The leader of the Food and Drug Administration suggested the legal status of rebates paid by drug companies to insurers and pharmacy benefit managers could get another look to help rein in the costs of prescription drugs.
In a speech on Thursday, Scott Gottlieb said if the federal anti-kickback law that protects such rebates were changed, it could help increase competition and make drugs more affordable.
“One of the dynamics I’ve talked about before that’s driving higher and higher list prices is the system of rebates between payers and manufacturers,” Gottlieb said. “And so what if we took on this system directly, by having the federal government reexamine the current safe harbor for drug rebates?”
Generally, a pharmaceutical company pays a rebate so a pharmacy benefit manager — the third-party administrators of prescription drug programs — will make its product the only one of its kind on the list approved for reimbursement or so that the co-pay for its product is less than the co-pay of competing products.
Federal law shields these rebates from legal scrutiny. Critics argue the savings from the rebates aren't passed on to consumers. Insurers say they spread the savings from discounts to lower overall premiums.
Gottlieb’s speech to food and drug industry attorneys comes just days ahead of an anticipated speech by President TrumpDonald TrumpCapitol fencing starts coming down after 'Justice for J6' rally Netanyahu suggests Biden fell asleep in meeting with Israeli PM Aides try to keep Biden away from unscripted events or long interviews, book claims MORE where he is expected to announce a new plan to tackle drug prices.
Drug companies have engaged in a massive lobbying campaign aimed at passing the blame for high drug prices onto insurers and pharmacy benefit managers, while pharmacy benefit managers continue to point the blame at drug companies.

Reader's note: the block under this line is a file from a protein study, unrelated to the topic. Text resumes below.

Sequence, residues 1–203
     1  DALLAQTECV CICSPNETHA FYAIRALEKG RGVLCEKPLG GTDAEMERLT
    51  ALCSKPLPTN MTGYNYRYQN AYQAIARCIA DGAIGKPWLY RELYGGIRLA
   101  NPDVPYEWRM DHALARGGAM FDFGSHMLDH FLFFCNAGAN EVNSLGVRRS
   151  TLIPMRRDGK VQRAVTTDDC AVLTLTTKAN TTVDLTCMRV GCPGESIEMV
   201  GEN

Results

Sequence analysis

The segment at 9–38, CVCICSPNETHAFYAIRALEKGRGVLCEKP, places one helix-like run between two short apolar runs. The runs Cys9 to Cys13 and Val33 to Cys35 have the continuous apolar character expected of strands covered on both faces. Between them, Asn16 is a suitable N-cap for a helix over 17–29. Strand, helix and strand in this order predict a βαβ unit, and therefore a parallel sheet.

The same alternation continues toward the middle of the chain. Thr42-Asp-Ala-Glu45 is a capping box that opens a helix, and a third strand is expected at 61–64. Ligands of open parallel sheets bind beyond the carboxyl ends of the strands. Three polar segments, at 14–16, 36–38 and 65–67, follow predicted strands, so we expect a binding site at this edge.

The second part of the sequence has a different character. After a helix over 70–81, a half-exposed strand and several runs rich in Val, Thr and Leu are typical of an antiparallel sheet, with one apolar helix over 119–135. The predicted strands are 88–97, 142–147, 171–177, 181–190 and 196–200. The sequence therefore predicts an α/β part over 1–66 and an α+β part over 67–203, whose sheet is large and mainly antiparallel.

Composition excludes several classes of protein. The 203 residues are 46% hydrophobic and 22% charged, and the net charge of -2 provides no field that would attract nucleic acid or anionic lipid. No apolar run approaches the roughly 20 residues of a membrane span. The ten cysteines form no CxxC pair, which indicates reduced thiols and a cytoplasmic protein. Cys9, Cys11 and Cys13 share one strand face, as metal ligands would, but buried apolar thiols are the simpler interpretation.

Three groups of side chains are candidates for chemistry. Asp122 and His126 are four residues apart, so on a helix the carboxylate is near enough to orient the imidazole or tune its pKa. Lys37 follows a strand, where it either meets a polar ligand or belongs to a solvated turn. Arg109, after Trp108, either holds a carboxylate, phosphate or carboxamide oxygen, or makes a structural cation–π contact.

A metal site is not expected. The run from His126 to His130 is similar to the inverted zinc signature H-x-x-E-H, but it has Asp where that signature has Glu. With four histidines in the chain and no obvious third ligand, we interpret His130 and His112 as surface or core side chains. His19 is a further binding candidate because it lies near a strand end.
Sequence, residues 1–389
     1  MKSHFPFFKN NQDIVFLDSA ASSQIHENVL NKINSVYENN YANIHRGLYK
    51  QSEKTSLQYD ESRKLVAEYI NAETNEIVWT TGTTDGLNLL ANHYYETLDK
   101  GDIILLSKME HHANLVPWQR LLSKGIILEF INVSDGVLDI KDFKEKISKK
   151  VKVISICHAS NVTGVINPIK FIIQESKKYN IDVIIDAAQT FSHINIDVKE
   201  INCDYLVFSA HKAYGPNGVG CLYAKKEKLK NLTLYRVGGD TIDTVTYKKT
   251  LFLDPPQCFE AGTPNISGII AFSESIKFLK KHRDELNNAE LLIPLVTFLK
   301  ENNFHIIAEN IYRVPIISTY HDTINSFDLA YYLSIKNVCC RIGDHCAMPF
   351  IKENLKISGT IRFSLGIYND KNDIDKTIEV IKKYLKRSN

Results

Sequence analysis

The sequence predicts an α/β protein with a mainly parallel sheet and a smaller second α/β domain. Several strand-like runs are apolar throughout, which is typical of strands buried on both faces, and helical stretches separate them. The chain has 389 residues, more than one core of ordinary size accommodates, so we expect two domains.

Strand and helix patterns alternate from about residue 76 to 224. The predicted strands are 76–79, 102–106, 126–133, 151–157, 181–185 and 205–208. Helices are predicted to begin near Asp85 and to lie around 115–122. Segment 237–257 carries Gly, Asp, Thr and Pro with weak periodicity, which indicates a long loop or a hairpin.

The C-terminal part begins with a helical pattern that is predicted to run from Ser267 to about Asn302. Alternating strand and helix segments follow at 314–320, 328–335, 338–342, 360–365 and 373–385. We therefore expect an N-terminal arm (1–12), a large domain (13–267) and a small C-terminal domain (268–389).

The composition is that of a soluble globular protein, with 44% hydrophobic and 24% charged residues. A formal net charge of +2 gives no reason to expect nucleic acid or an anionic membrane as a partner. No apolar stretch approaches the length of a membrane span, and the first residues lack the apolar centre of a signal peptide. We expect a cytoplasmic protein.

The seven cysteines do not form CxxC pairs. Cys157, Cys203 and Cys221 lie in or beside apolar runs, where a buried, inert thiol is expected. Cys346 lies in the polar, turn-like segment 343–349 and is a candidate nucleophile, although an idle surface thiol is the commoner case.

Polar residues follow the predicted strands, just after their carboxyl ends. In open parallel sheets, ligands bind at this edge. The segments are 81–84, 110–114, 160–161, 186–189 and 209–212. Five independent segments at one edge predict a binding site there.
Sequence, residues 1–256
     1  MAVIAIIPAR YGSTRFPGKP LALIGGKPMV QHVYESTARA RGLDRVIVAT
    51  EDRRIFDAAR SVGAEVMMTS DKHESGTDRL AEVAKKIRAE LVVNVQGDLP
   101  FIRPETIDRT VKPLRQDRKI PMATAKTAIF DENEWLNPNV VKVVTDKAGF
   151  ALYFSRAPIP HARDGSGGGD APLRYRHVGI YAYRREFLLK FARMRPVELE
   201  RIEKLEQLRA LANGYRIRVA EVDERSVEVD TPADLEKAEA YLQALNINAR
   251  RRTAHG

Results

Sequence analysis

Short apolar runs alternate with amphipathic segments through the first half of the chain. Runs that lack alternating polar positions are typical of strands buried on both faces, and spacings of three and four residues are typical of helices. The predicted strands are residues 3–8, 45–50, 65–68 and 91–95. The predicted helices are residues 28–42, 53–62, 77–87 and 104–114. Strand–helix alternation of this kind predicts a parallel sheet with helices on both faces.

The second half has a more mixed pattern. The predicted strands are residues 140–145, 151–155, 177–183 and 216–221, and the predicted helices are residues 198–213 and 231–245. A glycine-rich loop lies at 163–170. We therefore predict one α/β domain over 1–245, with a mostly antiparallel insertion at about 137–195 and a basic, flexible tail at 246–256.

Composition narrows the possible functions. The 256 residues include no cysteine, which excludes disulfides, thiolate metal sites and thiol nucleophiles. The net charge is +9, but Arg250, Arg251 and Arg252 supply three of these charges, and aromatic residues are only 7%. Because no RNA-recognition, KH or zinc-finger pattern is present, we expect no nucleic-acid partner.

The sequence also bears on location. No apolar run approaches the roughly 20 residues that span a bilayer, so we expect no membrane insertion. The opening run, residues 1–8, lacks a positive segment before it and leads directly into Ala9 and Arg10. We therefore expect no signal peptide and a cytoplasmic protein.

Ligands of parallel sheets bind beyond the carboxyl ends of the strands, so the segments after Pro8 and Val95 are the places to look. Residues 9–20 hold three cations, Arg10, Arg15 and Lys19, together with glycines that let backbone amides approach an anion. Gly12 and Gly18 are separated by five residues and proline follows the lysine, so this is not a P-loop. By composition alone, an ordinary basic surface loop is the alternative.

Gottlieb did not address the specifics of Trump’s plan, but he said the effort will be focused on increasing competition.
“I can tell you that the framework … will dismantle many of the provisions that shield parts of the drug industry from more vigorous competition,” Gottlieb said.
One of the changes involves Health and Human Services Secretary Alex Azar “making a series of changes to the pricing mechanisms in [Medicare] Part D.”
Gottlieb didn’t say what those changes were, but part of President Trump’s budget proposal involved shifting drugs from Medicare Part B into Part D, where there is more negotiation over the price.
“Taken together, these changes … [will] put us more firmly on a footing to defend the idea that brisk competition should be the vehicle by which we seek to lower drug costs,” Gottlieb said.
Gottlieb has also been outspoken about trying to stop brand-name drug companies from gaming the system in order to keep generic competition off the market. He said part of Trump’s plan will address this.
“We’re going to be unveiling some new guidance in the next few weeks, as part of the President’s plan, which addresses some aspects of these loopholes that companies exploit,” Gottlieb said.